On the flip side of that, they are also instilled with a sense of terror and dread that medication errors can happen. It is a big lesson and one that has turned many a hospital elevator full of nursing students into a sweating, shivering box of panic.
We are all human, right? Everyone makes mistakes, correct? Yes. But if there are systems and techniques available to avoid making those mistakes, we should pay attention and do our best to “do no harm.”
Between 26%- 32% of medication errors are errors in administration. Considering that nurses are often the ones doing the administering, this is significant. According to the 2006 report “Preventing Medication Errors” from the Institute of Medicine, these errors injure 1.5 million Americans each year and cost $3.5 billion in lost productivity, wages, and additional medical expenses.
Aside from the Five Rights of Medication Administration – right patient, right time, right medication, right dose, and right route, some experts have expanded this list to include: right reason for the drug, right documentation, right to refuse medication and right evaluation and monitoring.
In addition, there is a list identified by the Institute of Safe Medication Practice (ISMP) of ten items that, if applied, will help reduce the possibility of medication error.
- Patient Information: Hospitals have instituted a barcode system that helps prevent the error of giving meds to the wrong patient, but it is time consuming, and nurses have developed methods to work around it that may lead to error.
- Drug Information: Accurate information must be available to all caregivers at the time of administration.
- Adequate Communication: Communication between doctors, nurses and pharmacists is crucial. One way to promote effective communication is to use the “SBAR” method (situation, background, assessment, and recommendations).
- Drug Packaging, Labeling, and Nomenclature: Labels should be clearly marked. The risk of administering the wrong drug because the label or name is similar to another drug is quite high.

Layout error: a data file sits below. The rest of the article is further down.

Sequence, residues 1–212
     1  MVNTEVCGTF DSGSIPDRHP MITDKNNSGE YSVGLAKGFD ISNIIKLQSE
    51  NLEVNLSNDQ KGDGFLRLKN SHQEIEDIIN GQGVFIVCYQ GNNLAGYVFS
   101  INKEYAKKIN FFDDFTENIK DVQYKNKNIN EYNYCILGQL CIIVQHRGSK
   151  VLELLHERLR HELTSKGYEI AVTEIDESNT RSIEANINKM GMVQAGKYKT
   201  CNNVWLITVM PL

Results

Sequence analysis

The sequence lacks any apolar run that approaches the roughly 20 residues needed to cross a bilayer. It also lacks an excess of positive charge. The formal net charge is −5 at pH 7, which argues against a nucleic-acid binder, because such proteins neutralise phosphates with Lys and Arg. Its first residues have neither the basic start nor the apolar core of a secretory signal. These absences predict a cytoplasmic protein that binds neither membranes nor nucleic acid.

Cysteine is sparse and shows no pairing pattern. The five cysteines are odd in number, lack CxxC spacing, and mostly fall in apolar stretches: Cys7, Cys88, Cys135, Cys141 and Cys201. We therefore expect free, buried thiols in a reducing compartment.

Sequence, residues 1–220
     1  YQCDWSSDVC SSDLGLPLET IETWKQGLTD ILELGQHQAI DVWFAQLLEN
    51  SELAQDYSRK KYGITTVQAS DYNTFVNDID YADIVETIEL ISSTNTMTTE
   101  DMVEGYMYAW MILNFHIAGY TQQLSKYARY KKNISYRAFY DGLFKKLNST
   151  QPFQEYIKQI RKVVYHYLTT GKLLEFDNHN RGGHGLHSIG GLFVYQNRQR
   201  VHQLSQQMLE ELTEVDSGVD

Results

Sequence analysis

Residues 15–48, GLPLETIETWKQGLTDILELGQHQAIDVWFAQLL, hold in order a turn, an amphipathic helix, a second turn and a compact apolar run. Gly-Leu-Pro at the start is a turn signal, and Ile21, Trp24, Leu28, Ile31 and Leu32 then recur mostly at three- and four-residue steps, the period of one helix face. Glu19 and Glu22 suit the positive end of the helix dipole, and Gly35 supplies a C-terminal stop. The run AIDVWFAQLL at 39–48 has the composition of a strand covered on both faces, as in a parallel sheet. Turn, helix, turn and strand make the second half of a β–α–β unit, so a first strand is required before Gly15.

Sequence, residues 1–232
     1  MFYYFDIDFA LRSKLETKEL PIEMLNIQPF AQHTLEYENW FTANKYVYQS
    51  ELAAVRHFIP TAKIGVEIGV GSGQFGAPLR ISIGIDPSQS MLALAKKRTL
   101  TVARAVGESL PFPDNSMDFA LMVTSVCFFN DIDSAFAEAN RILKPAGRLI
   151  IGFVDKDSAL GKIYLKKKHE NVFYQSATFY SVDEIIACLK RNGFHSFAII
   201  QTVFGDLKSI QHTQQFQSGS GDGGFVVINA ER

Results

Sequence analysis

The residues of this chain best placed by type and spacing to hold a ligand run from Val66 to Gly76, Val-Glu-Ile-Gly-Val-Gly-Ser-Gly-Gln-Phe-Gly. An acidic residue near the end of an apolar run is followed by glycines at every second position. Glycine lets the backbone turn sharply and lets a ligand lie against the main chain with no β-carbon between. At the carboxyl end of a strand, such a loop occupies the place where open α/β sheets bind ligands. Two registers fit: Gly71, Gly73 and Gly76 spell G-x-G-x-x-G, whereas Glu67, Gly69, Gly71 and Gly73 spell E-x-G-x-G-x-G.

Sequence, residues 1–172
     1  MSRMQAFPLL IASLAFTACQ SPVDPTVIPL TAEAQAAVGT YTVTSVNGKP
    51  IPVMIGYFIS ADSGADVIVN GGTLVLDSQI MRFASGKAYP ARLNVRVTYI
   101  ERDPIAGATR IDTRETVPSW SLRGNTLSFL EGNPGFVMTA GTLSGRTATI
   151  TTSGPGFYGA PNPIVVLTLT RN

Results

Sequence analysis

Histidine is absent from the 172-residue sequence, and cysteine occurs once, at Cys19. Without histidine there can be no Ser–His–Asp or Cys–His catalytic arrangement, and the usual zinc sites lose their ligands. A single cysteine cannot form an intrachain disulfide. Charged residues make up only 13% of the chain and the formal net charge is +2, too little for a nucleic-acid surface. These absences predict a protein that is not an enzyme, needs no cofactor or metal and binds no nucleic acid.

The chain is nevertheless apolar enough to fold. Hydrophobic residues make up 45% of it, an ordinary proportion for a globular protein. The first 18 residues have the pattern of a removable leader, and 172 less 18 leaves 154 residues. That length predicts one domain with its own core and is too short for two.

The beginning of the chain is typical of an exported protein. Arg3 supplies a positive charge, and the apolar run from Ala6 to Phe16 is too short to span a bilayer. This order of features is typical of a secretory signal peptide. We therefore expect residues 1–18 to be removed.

- Medication Storage, Stock, Standardization, and Distribution: Many errors can be prevented by the decreased ability of floor stock medications.
- Drug Device Acquisition, Use, and Monitoring: Some IV tubing systems are not made to stop flow when removed from the pump. Being sure that safety systems are in place for IV tubing is important.
- Environmental Factors: Environmental factors that can increase the risk of error include inadequate lighting, cluttered work environments, increased patient acuity, distractions during drug preparation or administration, and caregiver fatigue.
- Staff Education and Competency: Continuing education can help reduce error.
- Patient Education: Teaching the patient what medications they are taking and what they are for will increase their awareness and reduce risk of error.
- Quality Processes and Risk Management: Discussing medication errors and “near misses” in a non-judgemental environment will also help reduce error because it will provide an atmosphere of support for staff.
About the Author
Sarah Heroman is an RN, BSN who has found her niche as a school nurse in Texas. With almost 20 years of experience, Sarah is still passionate about the nursing field and enjoys mentoring and helping nurses continue to find the joy in their careers. She believes that a good nurse is able to combine the science and the art of nursing and find fulfillment in providing the best care for their patients.